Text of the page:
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Bloomberg on Unemployment and the Potential for a Big (not so) Surprise

Bloomberg has an excellent interactive analysis on the potential for a near one million count revision upwards of the unemployment numbers. This combined with the work my team and I have put together should lead subscribers to believe that medium term, unemployment can exacerbate the global equity market decline. See "Are the Effects of Unemployment About To Shoot Through the Roof?" as excerpted below.

A recent zero-hedge article rightly questioned the reliability of the reported unemployment figures by comparing the reported increase in the unemployment benefits paid with the reported increase in the number of insured unemployed. According to the figures reported by Department of Labor (DOL), the total number of insured unemployed in the US has risen by nearly 400% since September 2007 and has reached nearly 10.5 million as of Dec 19, 2009. However, if we look at the monthly withdrawals on the unemployment insurance account (according to the Daily Treasury Statement prepared by the Financial Management Service), the expenditure has risen by nearly 550%. The difference has been widening since April 2009 (coincidentally, right about the time the S&P 500 rocketed skywards, and the housing market made several month to month gains [see If Anybody Bothered to Take a Close Look at the Latest Housing Numbers..."]) and has increased substantially in Dec 2009.

With no reason to believe that the average payouts increased dramatically (that could have otherwise explained this variation), the article rightly points out the huge discrepancy that is creeping in the reported figures. According to Zero-hedge, the insured unemployed are understated by 32% and estimate the insured unemployed at nearly 14 million. The Bureau of Labor Statistics reported the total number of unemployed at 15.6 million and the unemployment rate at 10% in Dec 2010. With serious doubts being raised about the reported figures of the insured unemployed that forms a substantial portion of total unemployed (nearly 69% in Dec 2010, based on reported figures), the total unemployment figures reported by the government is most likely severely understated.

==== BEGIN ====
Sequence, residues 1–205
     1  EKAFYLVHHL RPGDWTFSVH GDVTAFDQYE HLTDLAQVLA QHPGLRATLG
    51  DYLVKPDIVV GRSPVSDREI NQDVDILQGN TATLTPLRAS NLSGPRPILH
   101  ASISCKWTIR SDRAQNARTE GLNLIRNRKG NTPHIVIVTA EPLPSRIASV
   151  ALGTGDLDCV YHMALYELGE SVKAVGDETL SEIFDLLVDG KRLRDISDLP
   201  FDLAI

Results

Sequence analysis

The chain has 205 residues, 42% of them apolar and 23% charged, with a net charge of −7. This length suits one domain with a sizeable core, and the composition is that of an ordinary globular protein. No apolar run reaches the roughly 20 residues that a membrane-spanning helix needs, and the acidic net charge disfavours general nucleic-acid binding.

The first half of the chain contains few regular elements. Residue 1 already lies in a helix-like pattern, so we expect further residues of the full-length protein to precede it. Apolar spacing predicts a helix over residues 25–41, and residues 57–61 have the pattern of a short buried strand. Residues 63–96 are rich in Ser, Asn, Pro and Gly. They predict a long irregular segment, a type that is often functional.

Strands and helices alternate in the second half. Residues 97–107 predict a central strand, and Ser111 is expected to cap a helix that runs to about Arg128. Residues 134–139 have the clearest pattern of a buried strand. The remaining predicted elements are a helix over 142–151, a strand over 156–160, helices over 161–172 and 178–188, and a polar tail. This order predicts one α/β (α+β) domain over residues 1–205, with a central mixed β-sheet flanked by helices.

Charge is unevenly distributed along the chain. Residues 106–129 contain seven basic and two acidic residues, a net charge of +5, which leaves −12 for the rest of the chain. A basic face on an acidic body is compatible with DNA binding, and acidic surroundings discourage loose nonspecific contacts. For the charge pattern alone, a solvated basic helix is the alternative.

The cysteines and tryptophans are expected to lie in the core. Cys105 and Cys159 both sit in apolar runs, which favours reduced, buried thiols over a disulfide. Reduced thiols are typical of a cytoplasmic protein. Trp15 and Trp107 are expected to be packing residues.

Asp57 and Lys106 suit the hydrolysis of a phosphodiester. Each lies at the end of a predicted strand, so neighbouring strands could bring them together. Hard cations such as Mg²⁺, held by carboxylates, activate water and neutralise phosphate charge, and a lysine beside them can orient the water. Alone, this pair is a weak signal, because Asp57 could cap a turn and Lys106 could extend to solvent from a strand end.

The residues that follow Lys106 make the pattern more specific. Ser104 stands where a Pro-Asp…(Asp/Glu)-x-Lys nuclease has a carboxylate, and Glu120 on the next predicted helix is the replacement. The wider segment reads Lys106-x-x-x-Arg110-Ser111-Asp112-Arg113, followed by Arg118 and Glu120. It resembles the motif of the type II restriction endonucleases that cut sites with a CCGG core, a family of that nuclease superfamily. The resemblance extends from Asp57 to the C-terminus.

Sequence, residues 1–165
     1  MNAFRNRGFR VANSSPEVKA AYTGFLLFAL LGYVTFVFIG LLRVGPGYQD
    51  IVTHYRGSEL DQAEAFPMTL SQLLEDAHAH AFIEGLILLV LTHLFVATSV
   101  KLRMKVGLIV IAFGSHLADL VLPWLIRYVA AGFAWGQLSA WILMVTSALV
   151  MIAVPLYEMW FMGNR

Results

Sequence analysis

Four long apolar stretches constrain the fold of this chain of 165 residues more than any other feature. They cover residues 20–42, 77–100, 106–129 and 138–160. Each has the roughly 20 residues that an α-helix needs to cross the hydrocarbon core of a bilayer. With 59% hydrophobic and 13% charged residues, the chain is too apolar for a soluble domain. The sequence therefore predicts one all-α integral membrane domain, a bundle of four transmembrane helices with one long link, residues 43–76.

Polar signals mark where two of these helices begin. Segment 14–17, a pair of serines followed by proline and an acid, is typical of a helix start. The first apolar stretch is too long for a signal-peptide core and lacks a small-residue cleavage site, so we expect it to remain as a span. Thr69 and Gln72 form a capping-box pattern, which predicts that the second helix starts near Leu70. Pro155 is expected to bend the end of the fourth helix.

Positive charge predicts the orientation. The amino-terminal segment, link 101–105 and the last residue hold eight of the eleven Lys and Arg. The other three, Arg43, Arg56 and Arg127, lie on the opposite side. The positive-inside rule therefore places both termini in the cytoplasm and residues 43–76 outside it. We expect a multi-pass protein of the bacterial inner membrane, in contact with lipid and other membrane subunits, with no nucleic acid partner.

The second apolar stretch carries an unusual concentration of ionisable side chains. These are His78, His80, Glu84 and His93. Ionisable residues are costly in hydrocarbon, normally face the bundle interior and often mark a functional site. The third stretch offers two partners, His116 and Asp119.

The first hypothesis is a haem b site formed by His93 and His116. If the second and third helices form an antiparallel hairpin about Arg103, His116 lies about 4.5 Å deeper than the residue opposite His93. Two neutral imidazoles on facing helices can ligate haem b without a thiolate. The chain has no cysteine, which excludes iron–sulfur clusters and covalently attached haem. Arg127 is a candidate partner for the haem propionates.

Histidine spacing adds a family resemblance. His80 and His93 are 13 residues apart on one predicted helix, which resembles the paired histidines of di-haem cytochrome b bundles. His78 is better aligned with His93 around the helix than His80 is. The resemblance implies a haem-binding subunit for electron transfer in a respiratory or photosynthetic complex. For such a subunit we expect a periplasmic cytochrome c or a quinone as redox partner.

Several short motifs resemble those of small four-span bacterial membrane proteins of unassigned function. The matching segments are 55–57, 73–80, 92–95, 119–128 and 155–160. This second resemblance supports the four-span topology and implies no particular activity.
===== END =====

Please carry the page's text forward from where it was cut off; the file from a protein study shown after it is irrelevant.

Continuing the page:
The grave unemployment situation not only undermines the economic health and recovery hopes, but is also acting as a major source of financial strain on the Fed's books. The Fed has been spending huge amounts of money in the form of UI (unemployment insurance) benefits. In 2009, the government paid about $139 billion in UI benefits. Based on the figures for total unemployed by Bureau of Labor statistics and total insured unemployed by DOL, the total insured unemployed which are being supported by the government under the various state and federal programs have risen to 69.0% of the total unemployed as of Dec 2009 from just 29.0% in Sep 2007. Further it is observed that the Fed has been taking in huge deficits on its books because of UI programs. The total UI withdrawals on Fed books in 2009 were $139 billion against deposits of just $31 billion received from states for unemployment. While the withdrawals in 2009 have increased by 320% when compared with withdrawals in 2007, the deposits have declined by 6.6%. The deficit has increased to nearly $107 billion from nearly no deficit, two years ago.

 

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